One of a handful of affordable rental homes PCRI owns and manages in SE Portland, this house was rehabilitated as part of PCRI’s Big 11 project and will enjoy many improvements that have been completed and are underway in Portland’s Lents neighborhood.  The comprehensive rehab helps ensure the home remains an affordable, healthy and efficient rental property for the long run and helps protect against displacement in the rapidly changing and improving Lents area.  The Big 11 project, funded by Portland Housing Bureau included upgrades and improvements to each of the affordable rental homes.

To ensure a safe, healthy home for new residents, the rehabilitation included abatement of lead paint and asbestos hazards as well as replacement of dated electrical and plumbing systems.  Taking the rehabilitation several steps further, new, energy-efficient doors, windows and upgraded insulation were added.  In addition, a new high-efficiency water heater and gas furnace replaced the old water heater and furnace, and new Energy Star-rated appliances and WaterSense plumbing fixtures, all of which help ensure low utility costs for the residents.  All of the weatherization improvements were performed and tested according to Home Performance with Energy Star standards.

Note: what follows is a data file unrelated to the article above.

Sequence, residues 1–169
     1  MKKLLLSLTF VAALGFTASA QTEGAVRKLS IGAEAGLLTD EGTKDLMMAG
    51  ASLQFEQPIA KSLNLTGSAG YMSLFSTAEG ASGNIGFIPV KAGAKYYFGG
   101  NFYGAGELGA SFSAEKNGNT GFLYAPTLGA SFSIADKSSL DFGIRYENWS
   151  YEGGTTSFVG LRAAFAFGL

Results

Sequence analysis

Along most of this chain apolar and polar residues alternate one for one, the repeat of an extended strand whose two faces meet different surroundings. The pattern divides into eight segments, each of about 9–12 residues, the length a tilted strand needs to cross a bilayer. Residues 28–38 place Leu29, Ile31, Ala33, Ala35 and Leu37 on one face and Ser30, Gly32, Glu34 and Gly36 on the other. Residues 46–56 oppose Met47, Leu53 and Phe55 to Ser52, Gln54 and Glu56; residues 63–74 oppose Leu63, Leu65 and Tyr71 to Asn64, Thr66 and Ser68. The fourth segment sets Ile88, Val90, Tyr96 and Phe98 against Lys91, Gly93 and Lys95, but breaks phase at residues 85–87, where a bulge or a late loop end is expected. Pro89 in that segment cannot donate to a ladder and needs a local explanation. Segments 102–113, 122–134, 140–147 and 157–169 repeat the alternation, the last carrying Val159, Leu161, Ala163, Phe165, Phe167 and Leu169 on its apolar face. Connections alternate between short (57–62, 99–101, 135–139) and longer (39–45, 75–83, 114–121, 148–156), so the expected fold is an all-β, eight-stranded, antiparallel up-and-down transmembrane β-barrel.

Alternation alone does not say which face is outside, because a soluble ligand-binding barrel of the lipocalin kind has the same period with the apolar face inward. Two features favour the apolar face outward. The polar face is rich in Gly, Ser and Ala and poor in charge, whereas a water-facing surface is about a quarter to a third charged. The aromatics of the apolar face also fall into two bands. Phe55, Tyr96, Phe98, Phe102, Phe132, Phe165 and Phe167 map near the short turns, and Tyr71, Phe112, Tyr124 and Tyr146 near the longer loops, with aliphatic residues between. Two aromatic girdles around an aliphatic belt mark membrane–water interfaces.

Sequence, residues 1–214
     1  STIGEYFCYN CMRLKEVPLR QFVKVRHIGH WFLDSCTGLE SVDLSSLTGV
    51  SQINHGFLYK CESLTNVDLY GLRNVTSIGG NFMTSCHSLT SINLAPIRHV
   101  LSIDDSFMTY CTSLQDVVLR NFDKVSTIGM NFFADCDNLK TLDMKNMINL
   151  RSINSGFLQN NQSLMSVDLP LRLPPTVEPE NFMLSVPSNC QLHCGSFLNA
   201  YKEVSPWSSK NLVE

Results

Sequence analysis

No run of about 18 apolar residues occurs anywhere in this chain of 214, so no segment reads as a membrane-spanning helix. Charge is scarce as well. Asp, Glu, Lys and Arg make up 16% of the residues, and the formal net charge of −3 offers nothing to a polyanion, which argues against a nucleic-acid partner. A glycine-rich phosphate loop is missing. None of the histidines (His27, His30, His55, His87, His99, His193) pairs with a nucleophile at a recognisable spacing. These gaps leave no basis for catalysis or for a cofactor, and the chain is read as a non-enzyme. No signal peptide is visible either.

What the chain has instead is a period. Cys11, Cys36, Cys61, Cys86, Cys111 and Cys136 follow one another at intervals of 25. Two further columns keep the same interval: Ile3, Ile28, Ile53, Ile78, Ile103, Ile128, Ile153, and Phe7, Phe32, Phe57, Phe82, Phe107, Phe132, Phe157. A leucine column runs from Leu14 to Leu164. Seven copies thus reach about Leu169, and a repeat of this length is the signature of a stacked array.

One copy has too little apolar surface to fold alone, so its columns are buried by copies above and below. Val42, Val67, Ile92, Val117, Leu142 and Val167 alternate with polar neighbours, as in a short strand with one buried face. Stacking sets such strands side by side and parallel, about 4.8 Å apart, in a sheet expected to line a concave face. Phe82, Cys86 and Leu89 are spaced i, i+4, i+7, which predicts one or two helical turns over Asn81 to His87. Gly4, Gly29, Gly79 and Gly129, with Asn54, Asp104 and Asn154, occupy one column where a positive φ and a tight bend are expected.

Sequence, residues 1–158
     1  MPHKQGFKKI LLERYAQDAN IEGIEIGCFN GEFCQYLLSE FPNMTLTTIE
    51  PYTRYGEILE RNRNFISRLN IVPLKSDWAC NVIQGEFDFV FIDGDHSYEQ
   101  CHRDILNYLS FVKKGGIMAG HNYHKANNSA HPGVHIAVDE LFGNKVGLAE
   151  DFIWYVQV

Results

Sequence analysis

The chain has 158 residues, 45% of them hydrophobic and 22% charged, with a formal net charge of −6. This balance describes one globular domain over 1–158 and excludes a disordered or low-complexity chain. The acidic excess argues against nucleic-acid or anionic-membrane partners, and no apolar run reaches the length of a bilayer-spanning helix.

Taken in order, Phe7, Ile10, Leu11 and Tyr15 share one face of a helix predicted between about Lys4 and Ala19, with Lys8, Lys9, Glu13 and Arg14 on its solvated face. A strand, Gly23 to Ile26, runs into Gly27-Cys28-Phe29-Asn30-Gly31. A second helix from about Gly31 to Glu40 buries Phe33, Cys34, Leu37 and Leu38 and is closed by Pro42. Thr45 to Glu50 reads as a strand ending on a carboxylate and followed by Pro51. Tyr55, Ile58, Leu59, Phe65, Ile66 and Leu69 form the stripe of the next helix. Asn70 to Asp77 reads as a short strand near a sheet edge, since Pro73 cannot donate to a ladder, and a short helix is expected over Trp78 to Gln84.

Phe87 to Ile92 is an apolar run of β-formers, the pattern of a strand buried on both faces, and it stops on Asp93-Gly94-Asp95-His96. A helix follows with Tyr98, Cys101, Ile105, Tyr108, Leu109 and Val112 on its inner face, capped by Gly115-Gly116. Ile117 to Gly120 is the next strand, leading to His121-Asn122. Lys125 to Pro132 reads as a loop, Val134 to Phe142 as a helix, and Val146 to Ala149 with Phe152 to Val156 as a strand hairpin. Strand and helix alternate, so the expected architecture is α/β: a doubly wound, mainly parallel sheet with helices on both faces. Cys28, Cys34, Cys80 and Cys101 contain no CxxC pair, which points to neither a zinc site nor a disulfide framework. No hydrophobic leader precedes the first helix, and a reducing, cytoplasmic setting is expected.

The home also benefits from a new kitchen and bathroom, each of which received new cabinetry and fixtures for improved functionality.  Throughout the home, materials, fixtures and appliances were chosen for durability and ease of maintenance as well as appearance.  Similar logic was used to help ensure healthy indoor spaces: new kitchen and bathroom ventilation fans were installed to exhaust stale air, and low- and no-VOC finishes and materials used throughout the home.  New flooring (much of which was installed by Oregon Tradeswomen students) and fresh paint combined with the new windows ensure ample daylight in each room, creating a welcoming environment and helping to further reduce energy costs.

February 1, 2013 · by Travis Phillips · Rehabilitations

As part of PCRI’s Big 11 project, this home in the Parkrose neighborhood received significant rehabilitation to ensure it remained an affordable, healthy and efficient rental for PCRI residents.  The Big 11 project, funded by Portland Housing Bureau included upgrades and improvements to each of the affordable rental homes.